The bushfire season of 2019-20 is already one of the worst ever experienced, with close to 1 million hectares of Victoria burnt, and weeks of hot weather yet to go.
This is a major disaster, and YACVic is already starting to speak to government, local councils and youth services about how we can best support the community recovery and rebuilding. We believe that young people in bushfire affected communities should be empowered and resourced to make an active, meaningful contribution to relief, recovery and rebuilding efforts.
In the meantime, if you live in a bushfire affected community, have loved ones affected by bushfires, or are feeling anxious and stressful from afar, these are some important self-care tips to look after yourself and your community.
If you have a disability, please read this dedicated blog post on bushfire resources compiled by the YDAS team.
Stay up to date on the latest information
As we write this, there are at least 30 fires still burning, and several isolated communities under threat.
Make sure you are regularly checking VicEmergency’s website for the latest advice and are tuned into into your ABC/Local Emergency Radio provider. You can also download the VicEmergency app on Android or Apple devices.
Make sure you know where your nearest relief centre is if there is a watch and act warning in your community.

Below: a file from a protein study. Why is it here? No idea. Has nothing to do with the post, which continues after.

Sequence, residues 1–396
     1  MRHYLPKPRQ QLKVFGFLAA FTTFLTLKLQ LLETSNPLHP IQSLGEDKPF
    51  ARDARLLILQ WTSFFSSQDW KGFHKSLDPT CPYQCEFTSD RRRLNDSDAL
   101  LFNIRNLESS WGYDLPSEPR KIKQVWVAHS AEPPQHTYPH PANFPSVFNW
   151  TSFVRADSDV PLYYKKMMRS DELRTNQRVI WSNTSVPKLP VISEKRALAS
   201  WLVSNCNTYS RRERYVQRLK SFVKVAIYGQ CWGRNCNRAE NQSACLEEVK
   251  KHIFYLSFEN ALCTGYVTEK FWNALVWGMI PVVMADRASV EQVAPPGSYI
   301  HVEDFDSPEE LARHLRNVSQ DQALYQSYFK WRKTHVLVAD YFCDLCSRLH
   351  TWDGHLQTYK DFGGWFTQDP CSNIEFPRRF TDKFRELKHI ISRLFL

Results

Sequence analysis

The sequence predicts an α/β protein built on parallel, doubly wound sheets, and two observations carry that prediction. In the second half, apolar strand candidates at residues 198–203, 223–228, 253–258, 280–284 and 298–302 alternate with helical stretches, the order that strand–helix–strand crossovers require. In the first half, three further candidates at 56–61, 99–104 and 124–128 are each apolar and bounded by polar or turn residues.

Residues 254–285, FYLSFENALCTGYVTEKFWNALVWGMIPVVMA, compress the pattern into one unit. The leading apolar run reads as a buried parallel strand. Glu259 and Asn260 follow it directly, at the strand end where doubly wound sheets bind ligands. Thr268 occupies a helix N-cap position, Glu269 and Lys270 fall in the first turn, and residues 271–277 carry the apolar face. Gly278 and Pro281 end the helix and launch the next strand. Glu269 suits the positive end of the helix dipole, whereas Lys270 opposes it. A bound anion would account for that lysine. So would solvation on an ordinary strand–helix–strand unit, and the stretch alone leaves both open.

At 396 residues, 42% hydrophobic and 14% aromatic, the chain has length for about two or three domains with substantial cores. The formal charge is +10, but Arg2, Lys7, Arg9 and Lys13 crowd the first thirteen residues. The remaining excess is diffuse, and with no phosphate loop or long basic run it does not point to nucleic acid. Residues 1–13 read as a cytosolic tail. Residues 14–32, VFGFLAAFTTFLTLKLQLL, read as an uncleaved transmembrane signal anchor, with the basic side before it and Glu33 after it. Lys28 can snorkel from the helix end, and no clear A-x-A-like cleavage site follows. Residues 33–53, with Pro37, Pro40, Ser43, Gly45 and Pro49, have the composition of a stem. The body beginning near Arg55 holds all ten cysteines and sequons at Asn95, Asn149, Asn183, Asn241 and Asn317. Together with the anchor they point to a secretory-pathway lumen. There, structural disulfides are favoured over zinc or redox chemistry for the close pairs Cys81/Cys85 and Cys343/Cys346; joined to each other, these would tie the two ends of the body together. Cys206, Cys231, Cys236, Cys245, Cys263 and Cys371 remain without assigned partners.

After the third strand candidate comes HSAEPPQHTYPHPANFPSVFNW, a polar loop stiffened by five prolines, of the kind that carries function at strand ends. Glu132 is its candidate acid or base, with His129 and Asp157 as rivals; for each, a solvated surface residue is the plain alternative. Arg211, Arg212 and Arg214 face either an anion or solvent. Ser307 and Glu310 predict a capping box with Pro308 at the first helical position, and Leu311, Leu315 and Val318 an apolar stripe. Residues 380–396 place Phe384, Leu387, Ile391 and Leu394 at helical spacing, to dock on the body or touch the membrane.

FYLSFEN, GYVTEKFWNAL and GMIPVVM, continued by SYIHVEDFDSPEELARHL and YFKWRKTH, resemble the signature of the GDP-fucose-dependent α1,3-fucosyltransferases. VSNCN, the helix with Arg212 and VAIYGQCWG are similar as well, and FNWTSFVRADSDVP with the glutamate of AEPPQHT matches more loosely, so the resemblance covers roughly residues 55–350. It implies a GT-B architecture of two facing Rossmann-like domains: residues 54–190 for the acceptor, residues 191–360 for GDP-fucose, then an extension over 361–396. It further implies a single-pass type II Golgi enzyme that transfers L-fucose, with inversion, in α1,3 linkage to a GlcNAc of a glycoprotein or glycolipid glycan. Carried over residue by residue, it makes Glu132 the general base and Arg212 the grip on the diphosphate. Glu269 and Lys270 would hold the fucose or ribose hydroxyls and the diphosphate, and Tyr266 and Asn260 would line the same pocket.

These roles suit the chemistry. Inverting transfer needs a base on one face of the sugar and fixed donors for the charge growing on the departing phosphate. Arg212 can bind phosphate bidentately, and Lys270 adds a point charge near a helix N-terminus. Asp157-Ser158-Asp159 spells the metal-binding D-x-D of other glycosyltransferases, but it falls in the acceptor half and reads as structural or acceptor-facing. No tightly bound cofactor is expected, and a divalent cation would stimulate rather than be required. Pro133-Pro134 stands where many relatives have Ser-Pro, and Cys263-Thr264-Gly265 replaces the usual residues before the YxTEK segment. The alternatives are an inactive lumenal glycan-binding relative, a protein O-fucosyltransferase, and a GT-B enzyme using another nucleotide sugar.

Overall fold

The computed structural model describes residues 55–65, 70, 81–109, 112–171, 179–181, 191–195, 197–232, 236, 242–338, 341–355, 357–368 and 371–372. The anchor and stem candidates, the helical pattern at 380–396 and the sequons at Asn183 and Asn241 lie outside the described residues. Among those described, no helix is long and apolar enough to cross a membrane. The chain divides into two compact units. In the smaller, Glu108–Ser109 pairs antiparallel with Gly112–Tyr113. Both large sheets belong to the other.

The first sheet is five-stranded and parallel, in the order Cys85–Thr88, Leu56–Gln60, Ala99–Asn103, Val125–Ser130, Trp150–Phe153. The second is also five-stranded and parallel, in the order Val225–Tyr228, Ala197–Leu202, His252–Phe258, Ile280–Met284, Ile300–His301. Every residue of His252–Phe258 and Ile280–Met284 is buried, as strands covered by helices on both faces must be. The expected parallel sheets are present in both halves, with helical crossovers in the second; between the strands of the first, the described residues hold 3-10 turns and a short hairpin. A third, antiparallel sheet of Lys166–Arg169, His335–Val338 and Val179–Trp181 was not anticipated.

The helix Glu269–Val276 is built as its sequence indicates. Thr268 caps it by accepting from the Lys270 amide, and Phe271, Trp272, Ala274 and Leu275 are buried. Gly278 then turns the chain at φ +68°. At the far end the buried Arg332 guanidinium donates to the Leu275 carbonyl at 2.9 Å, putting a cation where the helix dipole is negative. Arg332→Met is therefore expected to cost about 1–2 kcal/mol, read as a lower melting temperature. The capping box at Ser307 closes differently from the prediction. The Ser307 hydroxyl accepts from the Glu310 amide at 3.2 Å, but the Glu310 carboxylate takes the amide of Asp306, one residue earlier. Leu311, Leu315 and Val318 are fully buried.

Apply for an Emergency Relief Grant
Have you lost your home, your car or your general belongings due to fire? There are several financial assistance and recovery programs available to apply for needed funds to support recovery including:
- Personal Hardship Assistance Program
- Victorian Bushfire Disaster Recovery Allowance
- Small Business recovery/replacement Grants
- Australian Government Disaster Recovery Payment
These require Australian citizenship to access funding, but there are alternatives listed within these links.
It’s okay to not be okay
Surviving and witnessing one of Australia’s worst ever bushfires is a traumatic and stressful event. You and/or people close to you may be feeling shocked, scared, sad, helpless, angry or a mix of feelings. It is completely normal and okay to feel that way.
Even if you are not directly affected by the fires, you may be struggling with all the media coverage, or frustration at not being able to help out as much as you would like.
To help you process this event, you could try to:
- Accept your feelings
- Re-establish your routine with structure
- Keep your mind occupied with reading, movies, cooking, rather than dedicating all your attention to the fire coverage
- Get moving through exercise and mindfulness
- Volunteer and connect with others in the community
- Reach out to others
Be mindful of your media consumption
While it is important to remain informed about what is happening, it may be making you feel even more anxious and stressful. Make sure you aren’t checking social media just before bed, and consider reading print news rather than watching videos.